I've had fun writing for this column, and the one that received the most responses was the one about English teachers running around correcting the world's grammar. Everyone who responded shared his or her pet peeves. So here is a test. Correct these sentences:
1. Despite the large crowd, everyone wanted their pets to win the contest.
2. Susan Smith was born in 1901 to the late George and Jennifer Smith.
3. Susan and me decided that we needed to change our clothes before digging in the garden. Can you pass that stack of cookies to Susan and I?
4. Please do me a favor and bring that book to Susan who is sitting across the room.
5. Getting crowded into a corner, Susan thought there too many people in this room.
6. Divide the candy between the three of you.
7. The Covington City Council announced that it would study: pink painted fences, planting trees on medians, crazy English teachers and the price of tea in China.
8. Its entirely possible that you are now bored with this column.
And now, the answers:
1. This is the error I correct the most in proofreading The Covington News. I blame it on political correctness. Everyone, anyone, everybody (anything that ends in one or body) is singular. To be plural, the words would have to be everytwo or everybodies. So it should read everyone wanted his pets to win the contest. The rule is if you don't know the sex, choose masculine. But in an effort to be politically correct and not offend the feminists, people choose to be grammatically incorrect and use their.
2. This is the sentence I correct in almost every obituary. Outside of the reference by Shakespeare that Macduff was "untimely ripped from his mother's womb," it is pretty rare that someone is born to a mother who is dead, much less two dead parents.
3. A retired teacher and administrator complained about this problem to me when I was grocery shopping. I, we, he, she and they are always subjects or predicate nouns. Me, us, him, her, and them are always objects, either direct, indirect or of prepositions. So the sentences should read Susan and I decided and pass the cookies to Susan and me. If that is too complicated for those of you who are grammatically challenged, I am sure somewhere along the way an English teacher said to you, "leave out the ‘Susan and.'" You would not say me decided or give the cookies to I.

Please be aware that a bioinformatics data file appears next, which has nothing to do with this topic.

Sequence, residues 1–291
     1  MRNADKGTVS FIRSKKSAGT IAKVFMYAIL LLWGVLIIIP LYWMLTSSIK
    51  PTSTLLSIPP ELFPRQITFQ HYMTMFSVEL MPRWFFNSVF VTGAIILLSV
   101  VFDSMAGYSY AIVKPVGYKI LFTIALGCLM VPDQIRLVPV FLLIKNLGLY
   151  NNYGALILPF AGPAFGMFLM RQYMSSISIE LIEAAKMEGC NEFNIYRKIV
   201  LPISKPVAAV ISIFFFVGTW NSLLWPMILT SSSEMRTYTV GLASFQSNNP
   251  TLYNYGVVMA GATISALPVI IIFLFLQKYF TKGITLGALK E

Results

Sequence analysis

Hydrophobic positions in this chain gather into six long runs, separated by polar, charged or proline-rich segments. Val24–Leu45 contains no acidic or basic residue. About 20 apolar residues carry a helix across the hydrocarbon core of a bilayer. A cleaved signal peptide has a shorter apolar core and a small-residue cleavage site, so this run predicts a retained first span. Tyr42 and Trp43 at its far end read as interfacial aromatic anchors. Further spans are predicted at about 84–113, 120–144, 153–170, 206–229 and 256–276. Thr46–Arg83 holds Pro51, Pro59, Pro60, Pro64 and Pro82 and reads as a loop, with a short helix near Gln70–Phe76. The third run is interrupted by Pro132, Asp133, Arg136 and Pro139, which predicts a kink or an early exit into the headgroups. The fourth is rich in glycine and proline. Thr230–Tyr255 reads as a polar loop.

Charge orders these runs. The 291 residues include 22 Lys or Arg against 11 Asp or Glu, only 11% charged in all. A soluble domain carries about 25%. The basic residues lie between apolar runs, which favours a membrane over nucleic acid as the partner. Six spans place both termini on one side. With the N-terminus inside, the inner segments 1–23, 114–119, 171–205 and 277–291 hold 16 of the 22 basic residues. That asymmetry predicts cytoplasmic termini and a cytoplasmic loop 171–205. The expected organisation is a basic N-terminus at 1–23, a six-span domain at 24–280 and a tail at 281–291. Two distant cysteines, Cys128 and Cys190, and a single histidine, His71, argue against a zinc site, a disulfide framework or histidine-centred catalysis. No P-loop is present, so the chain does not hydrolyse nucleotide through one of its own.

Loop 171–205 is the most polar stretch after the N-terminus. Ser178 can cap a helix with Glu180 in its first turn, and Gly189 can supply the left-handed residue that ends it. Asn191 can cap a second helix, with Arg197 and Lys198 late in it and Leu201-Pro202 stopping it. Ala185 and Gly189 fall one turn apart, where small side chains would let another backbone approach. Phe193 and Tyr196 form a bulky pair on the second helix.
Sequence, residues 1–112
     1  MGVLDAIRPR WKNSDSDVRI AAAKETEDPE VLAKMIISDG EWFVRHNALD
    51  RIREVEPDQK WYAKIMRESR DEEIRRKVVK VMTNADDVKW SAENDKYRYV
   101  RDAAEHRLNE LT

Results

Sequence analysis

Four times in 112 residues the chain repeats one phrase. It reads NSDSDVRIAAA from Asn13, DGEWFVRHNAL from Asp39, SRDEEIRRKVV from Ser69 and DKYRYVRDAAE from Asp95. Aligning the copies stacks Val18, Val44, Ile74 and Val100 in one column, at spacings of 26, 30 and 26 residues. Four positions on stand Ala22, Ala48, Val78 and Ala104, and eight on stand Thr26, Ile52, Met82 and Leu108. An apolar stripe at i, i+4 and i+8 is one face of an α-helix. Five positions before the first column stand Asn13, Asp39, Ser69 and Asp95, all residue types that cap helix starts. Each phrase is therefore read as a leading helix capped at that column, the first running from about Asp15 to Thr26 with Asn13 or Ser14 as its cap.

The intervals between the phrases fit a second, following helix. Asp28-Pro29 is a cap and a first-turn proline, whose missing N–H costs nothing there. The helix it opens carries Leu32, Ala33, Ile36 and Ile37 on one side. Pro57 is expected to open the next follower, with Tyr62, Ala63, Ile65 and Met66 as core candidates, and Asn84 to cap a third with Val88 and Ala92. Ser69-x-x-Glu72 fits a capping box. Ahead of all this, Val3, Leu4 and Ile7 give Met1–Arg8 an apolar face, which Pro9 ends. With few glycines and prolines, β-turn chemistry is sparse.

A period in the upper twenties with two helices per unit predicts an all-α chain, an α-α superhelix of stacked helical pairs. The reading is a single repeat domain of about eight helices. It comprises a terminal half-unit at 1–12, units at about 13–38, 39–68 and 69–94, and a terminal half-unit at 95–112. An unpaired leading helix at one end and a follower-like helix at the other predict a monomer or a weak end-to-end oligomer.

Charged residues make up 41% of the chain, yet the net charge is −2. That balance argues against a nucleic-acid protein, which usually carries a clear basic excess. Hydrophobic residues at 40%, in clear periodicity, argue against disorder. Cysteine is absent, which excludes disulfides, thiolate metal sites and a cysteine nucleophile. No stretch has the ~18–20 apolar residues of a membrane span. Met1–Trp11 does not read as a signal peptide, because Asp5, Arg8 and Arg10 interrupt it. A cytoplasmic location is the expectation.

4. I got an email from a retired teacher complaining about the misuse of bring and take. Bring means it is coming to you. Take means it is going away from you. It should read take that book to Susan.
5. They're is they are. There points to a place. Their means people own something. It should read Susan said they're too many people in the room.
6. Between is for two people; among is for three or more. It should read divide the candy among the three of you.
7. There is only one use for the colon in English. It introduces a list that is an appositive. 'What is that?' you exclaim. It is something that renames what it directly follows. Mrs. Travis, my teacher, is crazy. My teacher is an appositive. The reason why the colon is wrong in the sentence is the list has nothing to be in apposition to. It should read the Covington City Council announced that it would study the following: ...Or just leave out the colon completely.
8. That's an easy one. It's means it is. Its means possessive of it.
If you corrected all eight sentences, you are a grammar wizard and should give yourself a pat on the back. If you found seven or six errors, you need to study more, but you passed. If you only found five or less errors, I am sure I was not your English teacher (that's a joke).
Paula Travis is a Newton County resident and retired schoolteacher. She can be reached at firstname.lastname@example.org.